THE GREEN TREE POLICE FORCE 1908 – 2008
PROTECT AND SERVE
Green Tree didn't always have the first-class police force it has today. This year marks the one hundredth year since the first police officer was appointed in the Borough.
On August 4, 1908, Council instructed the Police Committee, consisting of Charles Haudenshield, J.L. Clark, and Solicitor Robert Chess, to "make the necessary arrangements for the appointment of a police officer and taking care of prisoners."
On September 7, 1908, Council met again in chambers at 8:00 p.m. After taking care of other business, council passed an ordinance "defining the offense of disorderly conduct, prohibiting the same and providing penalties for the violation thereof." This was passed on the first reading. The council members voting "yea" were Batcheler, Clark, Clatty, Haudenshield, Heaps and Porter.
The ordinance passed again on the second reading. The rules were suspended, and the ordinance was read and passed on the third reading the same night.
Then, the ordinance to establish a police force for Green Tree Borough was also read with the rules suspended. The ordinance passed unanimously by Batchelor, Clark, Clatty, Haudenshield, Heaps and Porter. Missing the historic vote were absent council members Hassler and White. The clerk, C. E. Torrance, was also absent and replaced by Robert S. Chess.
Councilmen Hassler and Haudenshield presented the motion that the policeman be paid twenty five cents for each hour he serves. Haudenshield and Clatty, the police committee, were instructed to procure handcuffs for the policeman. The price of the handcuffs was $1.40. The meeting adjourned shortly after.
The next council meeting convened at 8:00 p.m. on October 6, 1908. Green Tree Burgess Ralph White gave a report approving council's action to provide police protection. S. J. Curry was Green Tree's first policeman.
Council approved paying officer Curry wages of $57.25 for October 1908. His wages seemed to cause the council much consternation. In November, his wages were $55.00 and $54.00 for December. They were reduced to $12.00 in January 1909, $14.00 for February and $8.00 for March after the matter of police hours was referred to the Police Committee and the Burgess for review.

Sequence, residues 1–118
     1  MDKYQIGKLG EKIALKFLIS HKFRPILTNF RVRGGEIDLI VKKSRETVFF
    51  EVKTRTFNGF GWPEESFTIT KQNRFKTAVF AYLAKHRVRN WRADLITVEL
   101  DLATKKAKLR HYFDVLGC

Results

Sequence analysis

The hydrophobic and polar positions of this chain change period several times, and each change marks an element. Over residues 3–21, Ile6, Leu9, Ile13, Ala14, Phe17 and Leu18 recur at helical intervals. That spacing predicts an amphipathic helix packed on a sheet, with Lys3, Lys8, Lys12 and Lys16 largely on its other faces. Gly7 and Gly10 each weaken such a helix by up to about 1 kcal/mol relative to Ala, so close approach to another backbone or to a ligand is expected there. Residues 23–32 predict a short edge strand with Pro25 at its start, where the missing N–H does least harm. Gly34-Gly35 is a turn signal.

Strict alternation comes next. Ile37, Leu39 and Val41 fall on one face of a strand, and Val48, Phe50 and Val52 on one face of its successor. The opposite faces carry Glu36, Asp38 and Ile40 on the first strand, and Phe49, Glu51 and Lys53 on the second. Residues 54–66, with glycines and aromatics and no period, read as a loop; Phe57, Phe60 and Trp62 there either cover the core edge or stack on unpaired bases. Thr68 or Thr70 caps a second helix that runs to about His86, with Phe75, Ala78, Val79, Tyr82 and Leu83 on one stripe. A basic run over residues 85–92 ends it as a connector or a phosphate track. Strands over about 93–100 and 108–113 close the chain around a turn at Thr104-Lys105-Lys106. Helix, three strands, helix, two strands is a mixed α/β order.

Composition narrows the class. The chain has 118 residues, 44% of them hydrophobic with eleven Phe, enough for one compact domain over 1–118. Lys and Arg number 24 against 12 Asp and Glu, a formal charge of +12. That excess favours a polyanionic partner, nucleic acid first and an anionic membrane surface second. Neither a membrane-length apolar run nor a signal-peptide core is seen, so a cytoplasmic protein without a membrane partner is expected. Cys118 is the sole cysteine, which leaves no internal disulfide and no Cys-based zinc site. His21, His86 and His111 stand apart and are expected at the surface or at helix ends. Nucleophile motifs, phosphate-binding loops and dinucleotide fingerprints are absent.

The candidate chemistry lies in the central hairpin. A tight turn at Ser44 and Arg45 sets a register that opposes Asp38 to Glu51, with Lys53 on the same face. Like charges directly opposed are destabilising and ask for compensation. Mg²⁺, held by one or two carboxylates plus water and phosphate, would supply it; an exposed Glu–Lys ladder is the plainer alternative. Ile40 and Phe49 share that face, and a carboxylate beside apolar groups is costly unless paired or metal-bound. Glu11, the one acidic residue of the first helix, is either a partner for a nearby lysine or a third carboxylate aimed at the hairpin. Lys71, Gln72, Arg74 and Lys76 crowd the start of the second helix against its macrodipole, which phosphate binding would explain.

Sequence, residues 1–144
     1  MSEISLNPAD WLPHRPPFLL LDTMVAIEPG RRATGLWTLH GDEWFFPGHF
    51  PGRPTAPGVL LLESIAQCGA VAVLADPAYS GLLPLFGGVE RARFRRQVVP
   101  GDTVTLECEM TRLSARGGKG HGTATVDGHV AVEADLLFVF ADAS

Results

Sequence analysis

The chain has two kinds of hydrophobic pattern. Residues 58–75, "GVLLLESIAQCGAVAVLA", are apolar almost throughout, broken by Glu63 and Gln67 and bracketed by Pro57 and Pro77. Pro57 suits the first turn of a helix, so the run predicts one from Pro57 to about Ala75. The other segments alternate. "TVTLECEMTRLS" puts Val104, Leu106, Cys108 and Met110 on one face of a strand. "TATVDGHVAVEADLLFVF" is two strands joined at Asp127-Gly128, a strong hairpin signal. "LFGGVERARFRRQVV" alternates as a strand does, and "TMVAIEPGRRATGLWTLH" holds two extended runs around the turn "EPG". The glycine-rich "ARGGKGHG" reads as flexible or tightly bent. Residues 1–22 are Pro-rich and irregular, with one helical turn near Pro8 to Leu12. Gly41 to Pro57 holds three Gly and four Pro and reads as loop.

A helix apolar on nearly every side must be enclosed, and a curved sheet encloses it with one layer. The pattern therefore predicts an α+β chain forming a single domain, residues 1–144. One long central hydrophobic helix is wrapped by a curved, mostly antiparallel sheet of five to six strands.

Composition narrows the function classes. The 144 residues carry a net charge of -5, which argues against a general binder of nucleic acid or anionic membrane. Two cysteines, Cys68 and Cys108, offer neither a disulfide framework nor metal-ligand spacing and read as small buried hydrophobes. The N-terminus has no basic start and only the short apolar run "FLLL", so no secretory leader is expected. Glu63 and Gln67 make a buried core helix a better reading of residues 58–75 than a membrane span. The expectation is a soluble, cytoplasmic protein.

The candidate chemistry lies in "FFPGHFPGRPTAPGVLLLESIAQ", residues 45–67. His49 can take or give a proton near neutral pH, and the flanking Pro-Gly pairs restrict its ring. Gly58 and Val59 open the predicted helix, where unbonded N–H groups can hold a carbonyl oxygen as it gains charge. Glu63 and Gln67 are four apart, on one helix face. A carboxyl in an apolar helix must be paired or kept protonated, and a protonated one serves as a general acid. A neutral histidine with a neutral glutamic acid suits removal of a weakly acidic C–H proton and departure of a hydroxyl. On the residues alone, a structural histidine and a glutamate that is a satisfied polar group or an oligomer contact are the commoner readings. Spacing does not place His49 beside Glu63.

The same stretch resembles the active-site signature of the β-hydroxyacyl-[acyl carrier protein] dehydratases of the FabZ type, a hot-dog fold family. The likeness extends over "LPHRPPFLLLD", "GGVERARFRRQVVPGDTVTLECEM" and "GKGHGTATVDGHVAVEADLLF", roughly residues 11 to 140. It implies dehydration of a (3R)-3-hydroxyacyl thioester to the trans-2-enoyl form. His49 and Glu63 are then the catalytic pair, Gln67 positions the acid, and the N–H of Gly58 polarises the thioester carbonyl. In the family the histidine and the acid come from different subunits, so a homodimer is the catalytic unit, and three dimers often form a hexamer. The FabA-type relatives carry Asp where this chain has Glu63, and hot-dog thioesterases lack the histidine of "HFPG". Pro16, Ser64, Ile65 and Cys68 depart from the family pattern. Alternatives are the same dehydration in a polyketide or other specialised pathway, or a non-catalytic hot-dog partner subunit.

During the March 9, 1909, council meeting, councilmen Heaps and Harvey were appointed to the Police and Sewer (Health) Committee. By ballot, James Sanderson was hired to replace S. J. Curry. Sanderson would serve as a policeman, but also as the health inspector. Sanderson's annual wages were estimated at the April council meeting to be $300.00 at twenty-five cents an hour.
Sanderson was paid $25.00 for March 1909; for April $12.75, and for May he received $25.00 for police work and $11.00 as a health officer. In June, Sanderson only worked as a policeman and was paid $46.00.
The July 6, 1909 council meeting witnessed the passing of several ordinances. An ordinance was passed covering motor vehicles. Gambling and gambling rooms were forbidden, along with disorderly and bawdy houses. An ordinance was passed concerning the licensing and muzzling of dogs. And reflecting Green Tree's rural status, fruit trees were protected, and trespassers were to be punished.
In 1922, Tello Collavo was hired as Green Tree's first "traffic officer". He drove a motorcycle and provided his own gas and oil out of the $3.00 received for each fine collected. Unfortunately, the condition of the roads was so poor that few people exceeded the 15 MPH speed limit and Collavo resigned a few months later. The position remained vacant until Homer Williams was appointed in 1924 to reduce speeding by giving chase with his motorcycle.
Parts and supplies for the Borough's motorcycle were purchased from Baker's Cycle Supply.